As time progressed, the preaching and attempting to convert me to his belief system intensified. I asked him to stop more times than I can count. Since he refused to, I felt like I was being spiritually raped. Even expressing that made no difference.
I wasn’t a Bible enthusiast but from what I knew of Jesus, he was a steward of unconditional love. This version who went around judging and scorning everyone in sight and encouraging his followers to do the same sounded a lot more like Hitler.
The Jesus I learned about was a “Forgive them for they know not what they do,” sort of guy. If statements like that rolled off his tongue after being nailed to a cross, I have a hard time believing he spent the time between performing miracles instructing his followers to “rebuke” people.
I was horrified to learn about this practice, and the new versions of the Bible – not as in New Testament new, but versions that have been written in my lifetime new – which encourage it.
These books include creative translations of the original text, which was more than sufficiently misogynistic on its own. Feeling it’s one’s duty to point out the “sins” of others is a very convenient teaching for those who want to justify emotional abuse. #jesusmademedoit
Good thing the man rose from that grave – because he’d be turning over in it if he heard some of what is declared in his name these days.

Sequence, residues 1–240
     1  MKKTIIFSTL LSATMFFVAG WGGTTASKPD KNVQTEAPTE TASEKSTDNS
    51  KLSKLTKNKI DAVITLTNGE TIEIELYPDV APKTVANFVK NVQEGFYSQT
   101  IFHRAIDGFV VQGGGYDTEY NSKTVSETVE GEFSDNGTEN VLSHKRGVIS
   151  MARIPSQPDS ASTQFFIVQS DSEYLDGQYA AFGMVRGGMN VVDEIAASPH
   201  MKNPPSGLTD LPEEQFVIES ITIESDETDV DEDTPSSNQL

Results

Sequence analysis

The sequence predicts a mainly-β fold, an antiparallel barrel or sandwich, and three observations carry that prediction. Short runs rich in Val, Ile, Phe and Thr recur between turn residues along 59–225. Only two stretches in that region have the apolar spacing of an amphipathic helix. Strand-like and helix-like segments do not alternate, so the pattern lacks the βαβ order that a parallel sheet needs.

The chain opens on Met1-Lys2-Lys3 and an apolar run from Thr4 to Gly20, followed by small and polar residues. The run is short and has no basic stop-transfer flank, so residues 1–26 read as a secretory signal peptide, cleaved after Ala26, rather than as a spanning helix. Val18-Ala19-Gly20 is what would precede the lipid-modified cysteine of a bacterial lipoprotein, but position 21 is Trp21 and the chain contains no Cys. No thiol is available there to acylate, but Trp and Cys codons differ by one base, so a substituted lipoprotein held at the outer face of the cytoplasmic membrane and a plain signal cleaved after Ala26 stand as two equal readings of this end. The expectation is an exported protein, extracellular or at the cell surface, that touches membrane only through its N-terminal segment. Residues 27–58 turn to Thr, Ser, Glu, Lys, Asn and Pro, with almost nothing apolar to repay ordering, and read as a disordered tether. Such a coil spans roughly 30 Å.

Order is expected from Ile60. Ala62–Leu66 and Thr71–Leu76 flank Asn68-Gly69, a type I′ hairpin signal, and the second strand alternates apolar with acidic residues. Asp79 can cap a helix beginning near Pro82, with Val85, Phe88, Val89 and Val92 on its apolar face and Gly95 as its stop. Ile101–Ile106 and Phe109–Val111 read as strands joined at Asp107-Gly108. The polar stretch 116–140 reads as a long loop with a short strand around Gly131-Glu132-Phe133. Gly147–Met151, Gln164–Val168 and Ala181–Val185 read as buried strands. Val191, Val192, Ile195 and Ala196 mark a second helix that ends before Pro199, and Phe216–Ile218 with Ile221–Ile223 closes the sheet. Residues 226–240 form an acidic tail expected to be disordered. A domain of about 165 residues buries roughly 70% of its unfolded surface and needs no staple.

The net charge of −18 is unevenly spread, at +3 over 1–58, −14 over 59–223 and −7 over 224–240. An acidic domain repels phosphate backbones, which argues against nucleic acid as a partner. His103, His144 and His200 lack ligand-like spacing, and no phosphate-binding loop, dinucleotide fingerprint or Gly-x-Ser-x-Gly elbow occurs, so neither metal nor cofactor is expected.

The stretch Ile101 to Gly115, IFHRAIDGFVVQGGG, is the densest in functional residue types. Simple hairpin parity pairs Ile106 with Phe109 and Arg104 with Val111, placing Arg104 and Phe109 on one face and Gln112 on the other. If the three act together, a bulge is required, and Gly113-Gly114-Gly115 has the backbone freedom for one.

When I originally wrote this post, I had little understanding of what I was contending with. It wasn’t until editing it in 2017 that I truly began to understand why the man who professed to love me so deeply had been unwilling to look at or change his verbally abusive behaviors, no matter how much they were hurting me.
How could he, when doing so would have gone against the grain of what he believed God wanted him to do?
I’m grateful my path doesn’t promote spiritual violence, the greatest oxymoron there has ever been.
The so-called faults we see in others are often just the projections of our own shadow qualities that we refuse to acknowledge. Therefore, rebuking others is not only offensive – it also doesn’t make any sense. It’s like berating our own reflection in a mirror instead of consciously changing what is being reflected.
The only person we need to take inventory on and improve upon is ourselves.
Can I get an Amen?